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Fauna Series No. 3







Faunal Position

Life Zones







Fauna of the National Parks — No. 3
Birds and Mammals of Mount McKinley National Park
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Lanius borealis invictus [GRINNELL]

GENERAL APPEARANCE.—A bird about the size of a robin with raptorial habits. The strong black bill is notched and plainly hooked at the end. This bird has a black band through the eye. The head and upper parts are clear gray while the outer tail feathers are strongly edged with white which shows plainly when the bird is in flight. Length, 10.32 inches.

IDENTIFICATION.—Good field characters for the shrike are its coloration which is pronounced black, gray, and white; its method of perching upright on barren exposed dead limbs and tree tops, and its direct bullet-like flight. The large size of this bird and the fine wavy dark lines across the breast and under parts distinguish the Northwestern shrikes from the smaller shrikes breeding in the United States.

DISTRIBUTION.—It breeds from Mount McKinley and northwestern Alaska south to northern British Columbia, Alberta, and Saskatchewan. It is found throughout the McKinley region, being most abundant at or near timber line.

HABITS.—Charles Sheldon noted the earliest spring arrival of this bird on the Toklat on April 26, 1908. In May 23, 1926, in Savage River Canyon we saw a shrike vigorously attack and pursue a magpie. On June 10, 1926, I shot a male Northwestern shrike that flew by carrying some large object in its claws. One shot pierced the shrike's brain so that it fell headlong, rolling over and over on the ground, but it still rigidly grasped the prey in its claws, which upon examination proved to be—not a mouse—but a fledgling robin which the shrike had evidently stolen out of the robin's nest, for it was too young to fly.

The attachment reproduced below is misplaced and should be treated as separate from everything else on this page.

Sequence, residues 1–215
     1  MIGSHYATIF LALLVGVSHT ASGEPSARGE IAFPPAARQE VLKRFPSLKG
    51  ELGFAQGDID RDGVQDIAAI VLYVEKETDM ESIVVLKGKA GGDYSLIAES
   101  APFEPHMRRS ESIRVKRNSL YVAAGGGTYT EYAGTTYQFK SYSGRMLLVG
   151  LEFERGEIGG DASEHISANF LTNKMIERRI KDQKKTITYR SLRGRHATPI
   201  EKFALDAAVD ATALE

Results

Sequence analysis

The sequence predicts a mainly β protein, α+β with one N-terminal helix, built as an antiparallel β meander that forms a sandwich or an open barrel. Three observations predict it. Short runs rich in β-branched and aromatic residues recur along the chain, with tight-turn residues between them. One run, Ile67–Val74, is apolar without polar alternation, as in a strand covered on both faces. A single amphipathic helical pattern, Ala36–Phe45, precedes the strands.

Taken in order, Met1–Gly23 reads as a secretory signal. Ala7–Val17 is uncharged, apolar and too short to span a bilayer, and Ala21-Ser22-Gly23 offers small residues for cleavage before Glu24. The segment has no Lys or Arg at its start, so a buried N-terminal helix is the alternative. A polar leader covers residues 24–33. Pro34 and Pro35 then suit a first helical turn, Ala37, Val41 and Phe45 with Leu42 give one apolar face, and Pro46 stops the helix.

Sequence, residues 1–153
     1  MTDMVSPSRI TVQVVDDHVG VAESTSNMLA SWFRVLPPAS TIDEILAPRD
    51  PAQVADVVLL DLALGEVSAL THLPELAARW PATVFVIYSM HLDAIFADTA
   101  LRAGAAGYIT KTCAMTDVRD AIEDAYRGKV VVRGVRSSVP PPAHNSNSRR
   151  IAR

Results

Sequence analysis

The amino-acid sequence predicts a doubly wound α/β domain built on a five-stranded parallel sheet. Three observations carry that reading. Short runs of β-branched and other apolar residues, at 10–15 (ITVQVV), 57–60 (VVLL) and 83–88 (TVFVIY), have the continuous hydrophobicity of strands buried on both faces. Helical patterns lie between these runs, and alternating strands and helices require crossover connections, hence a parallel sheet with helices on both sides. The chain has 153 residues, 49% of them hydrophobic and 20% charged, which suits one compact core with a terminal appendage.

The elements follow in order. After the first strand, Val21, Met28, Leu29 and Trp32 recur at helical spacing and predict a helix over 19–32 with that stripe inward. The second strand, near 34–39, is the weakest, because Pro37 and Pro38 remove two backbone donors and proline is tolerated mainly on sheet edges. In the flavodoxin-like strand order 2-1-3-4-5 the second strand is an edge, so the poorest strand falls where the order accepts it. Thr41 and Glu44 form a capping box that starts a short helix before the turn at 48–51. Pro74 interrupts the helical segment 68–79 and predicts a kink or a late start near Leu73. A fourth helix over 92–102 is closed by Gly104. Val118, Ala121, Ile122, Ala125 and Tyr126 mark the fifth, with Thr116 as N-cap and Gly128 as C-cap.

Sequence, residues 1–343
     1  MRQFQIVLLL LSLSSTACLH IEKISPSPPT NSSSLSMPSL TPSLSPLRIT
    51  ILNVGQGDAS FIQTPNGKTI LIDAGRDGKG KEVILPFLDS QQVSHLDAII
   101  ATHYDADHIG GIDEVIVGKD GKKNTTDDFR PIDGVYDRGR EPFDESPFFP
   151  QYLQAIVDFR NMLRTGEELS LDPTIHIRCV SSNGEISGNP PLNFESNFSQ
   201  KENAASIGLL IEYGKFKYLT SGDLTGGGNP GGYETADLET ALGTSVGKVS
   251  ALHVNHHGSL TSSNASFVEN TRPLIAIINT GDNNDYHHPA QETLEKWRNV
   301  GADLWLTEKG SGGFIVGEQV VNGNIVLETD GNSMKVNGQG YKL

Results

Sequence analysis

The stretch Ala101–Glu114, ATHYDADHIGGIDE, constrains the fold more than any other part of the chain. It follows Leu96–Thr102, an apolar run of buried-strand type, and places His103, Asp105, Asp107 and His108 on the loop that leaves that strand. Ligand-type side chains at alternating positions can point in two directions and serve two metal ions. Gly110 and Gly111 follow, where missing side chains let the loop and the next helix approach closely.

On June 22 at Savage River foothills a family of young shrikes just learning to fly was noted by Wright. They hovered over various objects and kept calling back and forth to each other. On July 1 a family of four fearless young shrikes was noted, and on July 10, 1926, a family of six young shrikes which were well able to fly was noted at Igloo Creek.

In 1932 I found shrikes about twice as numerous as they had been in 1926, and following the breeding season large families consisting of from four to six young shrikes were frequently seen in the late summer.

This species is a common breeding bird in the McKinley region where it is one of the earliest spring arrivals.

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